Speaking to Pregnant Women 101: The Twins, The Huge, & The Ugly

Its here.  Open season.  No no, I’m not talking about bow hunting season. Open season for the rude, the ignorant, the annoying, and the unintentionally hurtful comments that get slung around all too freely – because I’m pregnant.  If you gasped in horror thinking, “what could she possibly mean?!”, don’t worry… I’ll explain.

I’ve wanted to write this piece for quite some time now, going over in my head all the things I wish I could say to the general public, but I tend pull back from topics that I see written about a lot.  I leave those topics for the real writers who can express themselves far better than I can. Trust me, there’s no shortage of “Things NOT to Say to Pregnant Women” articles on mom pages these days, but as I near the end of my second pregnancy I can’t sit back on this one anymore. I just can’t.  If it helps just one person censor or think twice about what they say to those beautiful women carrying children, and saves one pregnant woman from feeling crappy for a few hours (or a few days), I’ll rest easy knowing my time here was not wasted.

My initial intention for writing this blog was to base it off my personal experiences.  I have plenty, believe me.  But before I dove into it I threw out the idea to my Momtourage hoping they’d give me a more well-rounded view of the kinds of general comments pregnant women receive.  In my request I told them, “no direct quotes are needed – the gist of it will be great”.  Thinking that they probably wouldn’t remember the exact quote anyway, right?  Fast forward 24 hours from when I asked for their help, and I was holding FIVE single spaced pages of not only direct quotes, but those who spoke them as well.  FIVE PAGES. Clearly this was not just my problem. While pregnant women get pretty good at letting comments roll off their shoulder (because we do understand that a lot of times the comments are not coming from a malicious or hurtful place), the fact that these moms remember so vividly who said what speaks volumes.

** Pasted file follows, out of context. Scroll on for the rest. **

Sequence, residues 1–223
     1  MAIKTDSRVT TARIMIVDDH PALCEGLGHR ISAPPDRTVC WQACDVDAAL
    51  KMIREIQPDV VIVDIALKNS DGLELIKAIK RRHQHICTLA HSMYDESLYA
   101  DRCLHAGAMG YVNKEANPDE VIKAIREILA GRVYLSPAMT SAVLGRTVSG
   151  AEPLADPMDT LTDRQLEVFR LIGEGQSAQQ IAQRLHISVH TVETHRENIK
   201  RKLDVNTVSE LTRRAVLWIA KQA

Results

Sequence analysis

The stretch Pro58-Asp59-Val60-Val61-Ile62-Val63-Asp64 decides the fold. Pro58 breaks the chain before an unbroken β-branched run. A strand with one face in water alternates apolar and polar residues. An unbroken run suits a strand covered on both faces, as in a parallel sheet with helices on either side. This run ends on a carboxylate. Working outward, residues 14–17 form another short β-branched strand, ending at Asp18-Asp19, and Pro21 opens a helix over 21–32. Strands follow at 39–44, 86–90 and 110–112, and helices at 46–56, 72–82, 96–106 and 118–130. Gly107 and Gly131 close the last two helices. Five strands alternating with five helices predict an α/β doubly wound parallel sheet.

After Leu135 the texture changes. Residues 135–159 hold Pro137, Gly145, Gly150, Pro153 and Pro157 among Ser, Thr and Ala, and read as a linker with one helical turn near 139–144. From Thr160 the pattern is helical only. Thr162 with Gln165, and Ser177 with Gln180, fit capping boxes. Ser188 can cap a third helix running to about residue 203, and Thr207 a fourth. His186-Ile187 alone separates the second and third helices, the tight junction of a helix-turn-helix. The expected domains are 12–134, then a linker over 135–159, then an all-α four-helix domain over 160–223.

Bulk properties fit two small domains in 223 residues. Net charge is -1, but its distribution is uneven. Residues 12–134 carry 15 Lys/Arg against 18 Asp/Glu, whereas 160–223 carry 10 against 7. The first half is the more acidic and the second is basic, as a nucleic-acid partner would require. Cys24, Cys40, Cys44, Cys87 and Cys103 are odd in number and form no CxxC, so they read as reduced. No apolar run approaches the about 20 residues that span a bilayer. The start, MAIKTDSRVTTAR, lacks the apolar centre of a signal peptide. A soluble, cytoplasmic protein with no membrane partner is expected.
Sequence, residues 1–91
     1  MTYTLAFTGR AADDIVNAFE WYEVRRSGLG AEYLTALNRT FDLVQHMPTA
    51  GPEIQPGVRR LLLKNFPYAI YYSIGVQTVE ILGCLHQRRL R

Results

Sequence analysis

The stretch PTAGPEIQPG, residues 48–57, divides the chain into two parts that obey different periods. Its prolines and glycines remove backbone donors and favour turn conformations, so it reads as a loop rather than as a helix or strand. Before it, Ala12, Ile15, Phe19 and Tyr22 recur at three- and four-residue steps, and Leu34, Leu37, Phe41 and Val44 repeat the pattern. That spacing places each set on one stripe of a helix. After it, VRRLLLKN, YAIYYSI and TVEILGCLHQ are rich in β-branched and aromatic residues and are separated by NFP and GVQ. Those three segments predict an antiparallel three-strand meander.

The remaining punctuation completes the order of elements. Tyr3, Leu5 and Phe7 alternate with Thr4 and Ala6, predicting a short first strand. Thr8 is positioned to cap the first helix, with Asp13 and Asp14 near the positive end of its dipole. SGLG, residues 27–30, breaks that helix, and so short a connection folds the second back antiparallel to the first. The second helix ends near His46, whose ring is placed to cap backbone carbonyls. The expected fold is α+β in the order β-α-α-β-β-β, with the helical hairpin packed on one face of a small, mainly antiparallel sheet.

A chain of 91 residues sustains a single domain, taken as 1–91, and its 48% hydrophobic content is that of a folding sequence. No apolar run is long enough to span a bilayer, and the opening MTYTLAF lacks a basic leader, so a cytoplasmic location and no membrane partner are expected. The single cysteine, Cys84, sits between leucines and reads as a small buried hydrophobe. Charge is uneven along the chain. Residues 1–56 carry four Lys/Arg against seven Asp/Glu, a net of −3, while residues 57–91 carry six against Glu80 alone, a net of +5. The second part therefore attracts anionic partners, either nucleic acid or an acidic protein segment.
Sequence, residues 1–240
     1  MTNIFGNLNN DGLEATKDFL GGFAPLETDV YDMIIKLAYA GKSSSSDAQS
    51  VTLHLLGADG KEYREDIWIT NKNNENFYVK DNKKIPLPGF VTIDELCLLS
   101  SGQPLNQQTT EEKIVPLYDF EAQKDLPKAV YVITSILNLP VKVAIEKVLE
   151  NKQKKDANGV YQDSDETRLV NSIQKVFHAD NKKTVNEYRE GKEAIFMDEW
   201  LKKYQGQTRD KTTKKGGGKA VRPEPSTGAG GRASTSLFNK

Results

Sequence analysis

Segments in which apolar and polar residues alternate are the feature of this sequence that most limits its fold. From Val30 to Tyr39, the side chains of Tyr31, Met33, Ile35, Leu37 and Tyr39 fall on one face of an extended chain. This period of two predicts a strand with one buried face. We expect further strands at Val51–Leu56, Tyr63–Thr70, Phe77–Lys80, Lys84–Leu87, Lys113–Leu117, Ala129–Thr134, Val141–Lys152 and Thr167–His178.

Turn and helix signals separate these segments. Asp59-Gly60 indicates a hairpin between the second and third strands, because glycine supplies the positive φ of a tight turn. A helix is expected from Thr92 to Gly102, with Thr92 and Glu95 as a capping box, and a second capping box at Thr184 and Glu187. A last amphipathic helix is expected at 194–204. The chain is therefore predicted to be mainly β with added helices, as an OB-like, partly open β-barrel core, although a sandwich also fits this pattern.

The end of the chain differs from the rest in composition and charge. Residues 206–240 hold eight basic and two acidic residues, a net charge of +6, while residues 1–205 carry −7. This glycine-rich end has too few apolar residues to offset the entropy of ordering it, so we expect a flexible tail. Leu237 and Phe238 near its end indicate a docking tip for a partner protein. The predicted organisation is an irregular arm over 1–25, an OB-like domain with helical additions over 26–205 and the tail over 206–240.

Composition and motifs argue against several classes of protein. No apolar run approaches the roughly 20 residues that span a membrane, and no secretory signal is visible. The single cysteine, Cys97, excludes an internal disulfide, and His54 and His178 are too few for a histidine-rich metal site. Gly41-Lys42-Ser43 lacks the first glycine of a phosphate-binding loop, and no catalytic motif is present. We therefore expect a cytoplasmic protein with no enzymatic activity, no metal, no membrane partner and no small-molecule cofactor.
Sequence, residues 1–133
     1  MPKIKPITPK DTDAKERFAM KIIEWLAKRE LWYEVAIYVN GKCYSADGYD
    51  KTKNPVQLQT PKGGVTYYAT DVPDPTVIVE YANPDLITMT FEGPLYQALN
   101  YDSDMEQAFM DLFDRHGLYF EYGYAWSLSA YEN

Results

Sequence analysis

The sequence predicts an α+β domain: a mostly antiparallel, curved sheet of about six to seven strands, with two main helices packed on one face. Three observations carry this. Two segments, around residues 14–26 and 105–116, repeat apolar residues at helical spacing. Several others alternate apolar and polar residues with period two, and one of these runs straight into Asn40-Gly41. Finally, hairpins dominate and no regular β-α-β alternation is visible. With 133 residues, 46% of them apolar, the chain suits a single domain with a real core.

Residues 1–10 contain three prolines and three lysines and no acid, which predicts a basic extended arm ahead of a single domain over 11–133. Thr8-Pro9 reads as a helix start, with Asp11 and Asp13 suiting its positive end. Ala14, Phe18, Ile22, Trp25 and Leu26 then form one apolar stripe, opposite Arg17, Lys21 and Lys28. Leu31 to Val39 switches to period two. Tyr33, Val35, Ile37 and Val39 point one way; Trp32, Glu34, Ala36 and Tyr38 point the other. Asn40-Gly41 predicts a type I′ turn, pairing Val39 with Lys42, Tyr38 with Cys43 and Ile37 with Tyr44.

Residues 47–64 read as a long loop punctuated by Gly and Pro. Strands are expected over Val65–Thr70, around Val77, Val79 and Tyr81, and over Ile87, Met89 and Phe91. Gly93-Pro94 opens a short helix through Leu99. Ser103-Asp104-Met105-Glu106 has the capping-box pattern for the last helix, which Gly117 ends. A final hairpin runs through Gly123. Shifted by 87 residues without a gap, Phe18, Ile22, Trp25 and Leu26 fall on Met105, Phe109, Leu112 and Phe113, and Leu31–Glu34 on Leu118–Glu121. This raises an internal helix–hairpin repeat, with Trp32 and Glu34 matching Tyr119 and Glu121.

So think of the rundown below as a quick “Speaking to Pregnant Women 101 Class”.  If you ace the class and think to yourself, “I would never say any of that!” – round of applause and high fives.  Seriously.  If you find some of the quotes hitting a little too close to home and you think to yourself, “Shit.” – pat on the back, and just do better next time.  We know you don’t mean harm (at least we don’t think you do?).  And we appreciate your interest in our pregnancy – it is a really exciting time for us.  But no matter the innocence or attempt at humor behind your comments, they still kinda suck, and still kinda leave us feeling shitty.  So here we go – direct quotes included! 🙂


I’m starting with this one first just in case I lose you at some point.  Comments referencing twins were experienced by nearly every mom in my Momtourage, and several got twin comments on more than one occasion.

“Are you sure you’re not having twins?” Yes, kind stranger, I’m sure.  I appreciate your indirect comment on how large my belly is though. 

“Are you sure its just one in there? You’re sure though?” Ask me if I’m sure one more time, co-worker I rarely see or talk to. I dare you.  

Persistence doesn’t help things either.  [Actual conversation]

“You sure its just one baby in there?”

“Yep, pretty sure”

“Do twins run in your family though?”

“Nope, and I’m still sure its not twins”

“Well I think you’ll be the first in your family.  Its definitely twins”

I can’t believe I didn’t notice you in the room when I’ve had all my ultrasounds! Surely you must be an obstetrician, right? Or a GD psychic. Because if you’re just being this annoying, expect me to avoid all interactions with you in the future.  

Enough with the twins. Unless I tell you first that I am in fact carrying twins, in which case twin comments are OK – because its actually accurate.


Listen, we get it.  You still don’t mean harm.  And we understand that we’re pregnant and our bodies will grow to accommodate the precious life inside of us.  But only WE get to make comments about our enormity, not you.  Just, don’t.  Not even jokingly.  Seriously, don’t.

“I swear every time you walk down the hall you get bigger!” I would kinda want to fight you right now if I was still quick and agile.  If I’m at all bigger since last time I walked down the hall, maybe its the lunch I just ate.  In which case I kinda really want to fight you. 

“You’re getting pretty big there Missy.  Looks like you’ve been eating too many watermelons”.  Oh, I am? I couldn’t tell by the considerable back pain from it all. 

“Wow! You REALLY popped out! You grow bigger everyday!” I wish my house had mirrors.  I had no way of knowing until you told me!

“You are REALLY pregnant!” I AM?! 

And when you reference how HUGE my baby must be, I take it as a reflection of my size.  Since, ya know, I’m carrying this HUGE baby.  Don’t use words that reference baby’s “massive size”.  Not chunky, not linebacker, not Clydesdale, not enormous… none of it.  I’m already thinking about how I have to push this HUGE baby out, so how about “healthy”.  Just stick with “healthy” if you absolutely must comment. Which you don’t.